- A diet rich in protein can increase feelings of fullness faster, contributing to lower calorie intake, as confirmed by a comprehensive study conducted by nutrition experts from Purdue University.
- Despite its satiating effect, protein isn’t a magic solution for weight loss as feelings of hunger and fullness are just a few of many factors impacting calorie intake.
- The exact amount of protein needed to achieve the desired feeling of fullness is still “unresolved”.
- A moderate increase in protein intake could be beneficial for those desiring weight loss, even though the research focused on short-term effects.
- Protein consumption should ideally include a variety of protein types, both animal and plant-based, spread throughout the day, as this not only helps to control hunger, but also provides necessary amino acids for muscle health, immunity, and hormone production.
Indeed, a diet rich in protein might not just be another trend. A new research confirms that protein-heavy meals can make you feel fuller faster.
Often, people hoping to lose those extra pounds increase their intake of meat and other protein-rich foods. The common belief is that this helps in feeling satiated while having a lower calorie intake. Nonetheless, the confirmation of such an idea required more comprehensive studies.
Exhaustive Studies Confirm the Effect of Protein
According to an extensive research conducted by nutrition expert Richard Mattes and his team from Purdue University, protein does make people feel full more quickly.
The findings of these comprehensive examinations have been published in the reputable Journal of the Academy of Nutrition and Dietetics.
“There is ample evidence that protein activates the release of satiety (fullness) hormone, hence directly tying it in with feelings of fullness,” stated Mattes, who is also the director of Purdue’s Ingestive Behavior Research Center.
Although individual studies may sometimes be misleading due to their small sample sizes or varied approaches, Mattes emphasized that their collective study had the ability to confirm the effect of protein in feeling fuller.
Protein won’t magically lose weight for you!
Despite its satiating effect, the researchers warned that protein isn’t the silver bullet for weight loss.
“Feelings such as hunger and fullness are but a few of the factors that influence our calorie intake. For instance, we often eat because of other reasons. The common experience of being too full to finish a meal yet having room for dessert further emphasizes this point,” explained Mattes.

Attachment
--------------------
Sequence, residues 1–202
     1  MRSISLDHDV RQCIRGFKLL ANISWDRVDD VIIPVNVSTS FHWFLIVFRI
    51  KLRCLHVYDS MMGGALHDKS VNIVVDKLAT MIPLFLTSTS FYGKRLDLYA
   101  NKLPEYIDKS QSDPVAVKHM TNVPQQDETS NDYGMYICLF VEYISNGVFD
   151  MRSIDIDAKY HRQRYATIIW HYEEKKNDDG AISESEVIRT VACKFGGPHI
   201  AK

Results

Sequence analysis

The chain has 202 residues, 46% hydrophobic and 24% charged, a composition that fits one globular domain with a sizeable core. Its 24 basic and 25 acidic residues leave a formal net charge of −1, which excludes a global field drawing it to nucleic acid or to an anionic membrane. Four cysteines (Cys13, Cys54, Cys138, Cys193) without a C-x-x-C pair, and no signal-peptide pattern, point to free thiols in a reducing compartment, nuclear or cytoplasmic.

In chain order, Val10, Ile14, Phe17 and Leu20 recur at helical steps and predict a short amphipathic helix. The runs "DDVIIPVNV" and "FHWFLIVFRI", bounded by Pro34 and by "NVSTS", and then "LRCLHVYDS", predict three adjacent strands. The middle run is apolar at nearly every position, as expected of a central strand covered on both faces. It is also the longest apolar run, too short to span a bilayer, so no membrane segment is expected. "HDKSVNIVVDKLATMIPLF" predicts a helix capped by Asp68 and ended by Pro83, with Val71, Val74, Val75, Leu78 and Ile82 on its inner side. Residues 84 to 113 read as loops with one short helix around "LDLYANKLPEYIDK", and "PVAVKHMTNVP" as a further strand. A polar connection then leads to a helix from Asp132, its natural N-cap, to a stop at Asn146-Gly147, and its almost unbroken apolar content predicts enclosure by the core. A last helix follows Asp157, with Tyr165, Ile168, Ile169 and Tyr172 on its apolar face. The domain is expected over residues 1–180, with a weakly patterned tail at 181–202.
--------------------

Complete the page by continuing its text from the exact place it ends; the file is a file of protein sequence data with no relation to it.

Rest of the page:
So, what exactly is the quantity of protein needed to reach the desired feeling of fullness?
Heather Leidy, a co-author of this study and an assistant professor of nutrition at the University of Missouri, stated that this topic is still “unresolved”.
A Moderate Increase in Protein Is Key
However, the researchers suggest that a moderate increase in protein intake could be a beneficial initial step for those desiring weight loss.
As Mattes specifies, if the effects are sustained long term – even though their research focused on short-term effects – a higher intake of protein may assist in body weight loss or maintenance.
Two nutrition experts admitted that the study findings are beneficial, but the long-term effectiveness of protein-dense diets for weight loss remained uncertain.
Erin Keane, a dietitian at Lenox Hill Hospital in New York City, alluded that the studies varied greatly in the amount of protein, and the total calories consumed at a meal. This lack of consistency makes it arduous to conclude whether an increase in protein results in weight loss.
The Expert’s Take
Dana Angelo White, a clinical assistant professor of athletic training at Quinnipiac University and a regitered dietitian, expressed that the new research “reinforces the messages dietitians are currently relaying”.
According to White, the recommended amount of protein consumption can vary, but should ideally include a variety of protein types, both animal and plant-based, spread throughout the day. “Not only does this keep hunger at bay, but it also provides the body with the necessary amino acids for muscle health, immunity, and hormone production.”
For further details about maintaining a healthy weight, you can check the website of the U.S. Centers for Disease Control and Prevention.